How Many Miles Has Your Pet Logged?
While some truckers might figure it’s enough of a pleasure or hassle having a spouse along, some of us also have a pet aboard our trucks as companion animals.
In my case, my wife had a 6-year-old Siamese cat when we married, and Ptolemy quickly took to life on the road with us, guarding the truck as fiercely as any dog would have done. He also thoroughly enjoyed seeing all 48 states from either the dashboard or a small window in the bunk.
For those of you who might want to take your Fido or Tabby along, here are some tips for making everyone on board more comfortable.
Try to take the same amount of food along for both of you. If you have a two weeks’ supply, keep two weeks’ worth of dry or canned food aboard for your pet. When you re-stock your cupboard, you’ll easily remember to get dog or cat food too. That way you won’t have to buy odd brands or a flavor your pet can’t stand on the road. Their stomachs can be as picky as any human’s, and food-caused diarrhea is unpleasant, to say the least.
Always keep a current copy of your pet’s shots and health record from the vet. If you ever need to find a vet on the road, this record will be invaluable for your pet’s treatment. Also keep a current photo of you with your pet on board your truck. You can prove ownership with the photo. And if your dog or cat gets lost, the photo may help the two of you get back together.
If you must leave your tractor running for some reason, be sure your pet can’t accidentally step on the window buttons and either lower the window and fall out or raise the window and hang itself. It sounds far-fetched, but I’ve heard of this happening.
Of course you know your pet shouldn’t be out of the truck cab unless it’s got on a collar or harness, tag and leash— or safely inside a carrier. (With some time and patience, cats can be trained to walk on a leash too. At 13 pounds, Ptolemy had to have a small dog harness, rather than a usual one made for cats, but you can find one that fits comfortably. And no, he wasn’t fat–that really was muscle, bone and fur, which was very evident when we were first training him to go on a leash.)
When walking your pet, watch carefully to be sure it doesn’t eat tossed-out food, berries, fruit or insects that could be poisonous. If you fear your pet has been poisoned, get to a veterinarian immediately.
Use a pooper-scooper. Set an example of how good a neighbor a trucker can be.
Also be a good neighbor by training your pet not to bark, howl, yowl or otherwise disturb the trucker in the next cab.
Get as deep a dish as your pet can use without getting food or water up its nose. If possible, stick the dish to the wall or floor with Vel-cro® so the motion of the truck doesn’t constantly empty it. Ptolemy became resigned to getting his face washed daily by the motion of the truck sloshing the water over his nose when he leaned down to get a drink. He’d shake most of the water off, and then perch on the boot between cab and sleeper to finish his bath.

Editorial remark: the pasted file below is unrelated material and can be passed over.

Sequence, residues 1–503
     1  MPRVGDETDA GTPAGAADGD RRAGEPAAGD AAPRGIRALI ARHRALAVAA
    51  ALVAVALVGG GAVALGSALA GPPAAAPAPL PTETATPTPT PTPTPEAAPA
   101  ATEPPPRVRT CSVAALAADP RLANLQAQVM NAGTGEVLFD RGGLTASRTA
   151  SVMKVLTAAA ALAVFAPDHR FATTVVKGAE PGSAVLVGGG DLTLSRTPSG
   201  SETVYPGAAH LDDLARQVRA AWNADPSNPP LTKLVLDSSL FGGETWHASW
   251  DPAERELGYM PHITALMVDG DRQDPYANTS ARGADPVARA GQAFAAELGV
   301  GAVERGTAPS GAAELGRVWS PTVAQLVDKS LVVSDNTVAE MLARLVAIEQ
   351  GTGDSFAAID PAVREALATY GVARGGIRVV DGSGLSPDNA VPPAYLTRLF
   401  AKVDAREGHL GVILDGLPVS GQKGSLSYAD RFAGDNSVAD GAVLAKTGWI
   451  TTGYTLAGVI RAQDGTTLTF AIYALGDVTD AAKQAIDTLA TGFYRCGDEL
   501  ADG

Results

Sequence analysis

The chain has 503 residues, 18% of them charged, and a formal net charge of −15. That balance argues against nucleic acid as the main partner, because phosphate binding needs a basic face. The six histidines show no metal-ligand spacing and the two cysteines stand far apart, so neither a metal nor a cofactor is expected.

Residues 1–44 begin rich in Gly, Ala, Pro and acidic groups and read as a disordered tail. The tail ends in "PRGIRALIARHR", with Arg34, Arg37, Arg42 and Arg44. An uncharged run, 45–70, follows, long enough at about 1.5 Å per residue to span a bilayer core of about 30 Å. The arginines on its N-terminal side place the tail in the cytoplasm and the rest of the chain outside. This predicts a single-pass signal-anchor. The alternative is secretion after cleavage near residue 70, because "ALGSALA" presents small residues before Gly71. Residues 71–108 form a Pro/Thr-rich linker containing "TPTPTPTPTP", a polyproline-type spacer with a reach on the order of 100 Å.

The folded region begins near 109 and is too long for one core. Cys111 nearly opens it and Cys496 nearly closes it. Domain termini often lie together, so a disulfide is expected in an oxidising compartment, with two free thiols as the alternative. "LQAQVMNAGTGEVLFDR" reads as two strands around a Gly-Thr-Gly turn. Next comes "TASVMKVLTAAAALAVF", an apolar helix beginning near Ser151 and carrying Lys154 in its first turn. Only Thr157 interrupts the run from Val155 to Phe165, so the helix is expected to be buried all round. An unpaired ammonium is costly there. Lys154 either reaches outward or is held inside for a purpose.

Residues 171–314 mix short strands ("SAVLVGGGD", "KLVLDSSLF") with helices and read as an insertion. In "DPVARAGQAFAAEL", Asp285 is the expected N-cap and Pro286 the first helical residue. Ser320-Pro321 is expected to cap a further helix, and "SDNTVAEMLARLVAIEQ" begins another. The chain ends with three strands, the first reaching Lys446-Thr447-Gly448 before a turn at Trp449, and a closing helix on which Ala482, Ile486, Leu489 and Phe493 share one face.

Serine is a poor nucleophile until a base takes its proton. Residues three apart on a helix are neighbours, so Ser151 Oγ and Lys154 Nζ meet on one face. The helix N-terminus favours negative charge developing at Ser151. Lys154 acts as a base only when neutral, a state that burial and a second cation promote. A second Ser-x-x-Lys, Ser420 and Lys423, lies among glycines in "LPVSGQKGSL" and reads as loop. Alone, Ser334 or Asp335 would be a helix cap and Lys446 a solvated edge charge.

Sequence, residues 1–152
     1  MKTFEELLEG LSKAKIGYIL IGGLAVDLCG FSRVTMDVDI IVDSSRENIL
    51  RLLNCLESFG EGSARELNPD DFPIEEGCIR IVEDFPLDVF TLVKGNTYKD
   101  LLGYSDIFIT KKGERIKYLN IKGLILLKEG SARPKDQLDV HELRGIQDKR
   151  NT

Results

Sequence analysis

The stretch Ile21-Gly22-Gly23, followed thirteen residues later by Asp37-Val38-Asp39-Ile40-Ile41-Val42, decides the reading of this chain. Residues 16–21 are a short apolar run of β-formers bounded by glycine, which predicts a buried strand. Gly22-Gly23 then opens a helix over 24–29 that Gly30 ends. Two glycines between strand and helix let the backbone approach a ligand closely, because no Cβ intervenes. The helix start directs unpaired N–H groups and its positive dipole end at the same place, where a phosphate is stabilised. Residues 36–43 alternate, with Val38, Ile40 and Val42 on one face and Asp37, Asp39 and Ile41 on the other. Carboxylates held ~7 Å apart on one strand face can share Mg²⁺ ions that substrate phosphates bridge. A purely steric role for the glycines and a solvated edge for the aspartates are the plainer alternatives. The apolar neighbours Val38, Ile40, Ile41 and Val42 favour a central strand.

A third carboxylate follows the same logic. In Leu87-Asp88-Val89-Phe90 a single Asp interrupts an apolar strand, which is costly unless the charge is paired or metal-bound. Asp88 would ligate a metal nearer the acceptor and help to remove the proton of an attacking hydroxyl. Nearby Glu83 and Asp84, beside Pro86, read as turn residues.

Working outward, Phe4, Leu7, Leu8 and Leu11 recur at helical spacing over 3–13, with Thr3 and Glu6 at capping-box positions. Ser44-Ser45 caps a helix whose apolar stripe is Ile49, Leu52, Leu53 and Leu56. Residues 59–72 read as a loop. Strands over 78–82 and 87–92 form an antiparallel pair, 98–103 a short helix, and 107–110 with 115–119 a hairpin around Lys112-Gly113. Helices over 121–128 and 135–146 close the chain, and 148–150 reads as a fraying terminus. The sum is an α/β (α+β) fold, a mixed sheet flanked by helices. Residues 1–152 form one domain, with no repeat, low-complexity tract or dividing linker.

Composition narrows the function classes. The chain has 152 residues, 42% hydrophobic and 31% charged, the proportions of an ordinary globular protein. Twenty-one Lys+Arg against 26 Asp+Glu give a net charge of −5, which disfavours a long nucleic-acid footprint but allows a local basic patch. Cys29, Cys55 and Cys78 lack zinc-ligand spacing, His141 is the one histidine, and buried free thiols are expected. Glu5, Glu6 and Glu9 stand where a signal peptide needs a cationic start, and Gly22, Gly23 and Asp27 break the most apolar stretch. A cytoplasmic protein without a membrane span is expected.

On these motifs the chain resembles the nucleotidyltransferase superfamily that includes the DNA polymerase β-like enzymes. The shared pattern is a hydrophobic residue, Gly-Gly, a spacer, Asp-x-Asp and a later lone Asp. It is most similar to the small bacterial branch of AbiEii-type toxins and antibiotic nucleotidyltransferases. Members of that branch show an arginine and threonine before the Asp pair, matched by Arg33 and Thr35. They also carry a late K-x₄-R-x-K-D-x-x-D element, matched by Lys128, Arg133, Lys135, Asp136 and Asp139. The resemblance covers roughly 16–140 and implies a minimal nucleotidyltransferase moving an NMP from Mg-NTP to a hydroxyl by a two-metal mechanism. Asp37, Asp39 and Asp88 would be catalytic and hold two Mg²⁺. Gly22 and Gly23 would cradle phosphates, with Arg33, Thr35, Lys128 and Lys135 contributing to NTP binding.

Brush your pet’s coat daily. You won’t believe how much fur can pile up on board a truck until you realize the hair in your coffee isn’t yours. And keep your pet’s claws short.
Your pet needs a bed, even if it prefers sleeping on yours (especially in cold weather). If you bring its bed in with your bag when you have to stay at a hotel, your pet won’t walk the floor all night or fuss until you can’t sleep either.
If you have a small dog, consider training it to use a disposable litter box. Cats can be trained to use litter which is made of silica and shaped into crystals. This reduces on-board odor significantly. However, avoid the rounded or pearl- shaped litter; your cat can take a bad fall if it’s using the litter box when the truck goes around a corner.
Consider a tattoo for your pet. While your pet won’t be happy about the process, with a tattoo, even if it loses its tag or collar, it has a better chance of getting back to you. Its name and your phone number can be permanently inked on its skin. You could also have a rice-grain-sized ID pellet inserted under the skin, which contains contact information not only for you but could carry the vet’s name and phone number if you prefer.
If Fido or Tabby wants to ride on the dashboard, train him or her to lie down in one certain spot so it’s out of your sight line and your mirrors.
Try to resist picking up strays while on the road; your pet probably doesn’t want to share its home, and it doesn’t need to share fleas or possible diseases.
Above all, enjoy your pet. It’s a hard life out here on the road. Having a companion, whether furry or not, makes life a little easier, even if it’s just having something warm and breathing listening to you compose The Great American Novel as you drive.
Drive Long and Prosper, along with the barks and mews of 4-legged companionship.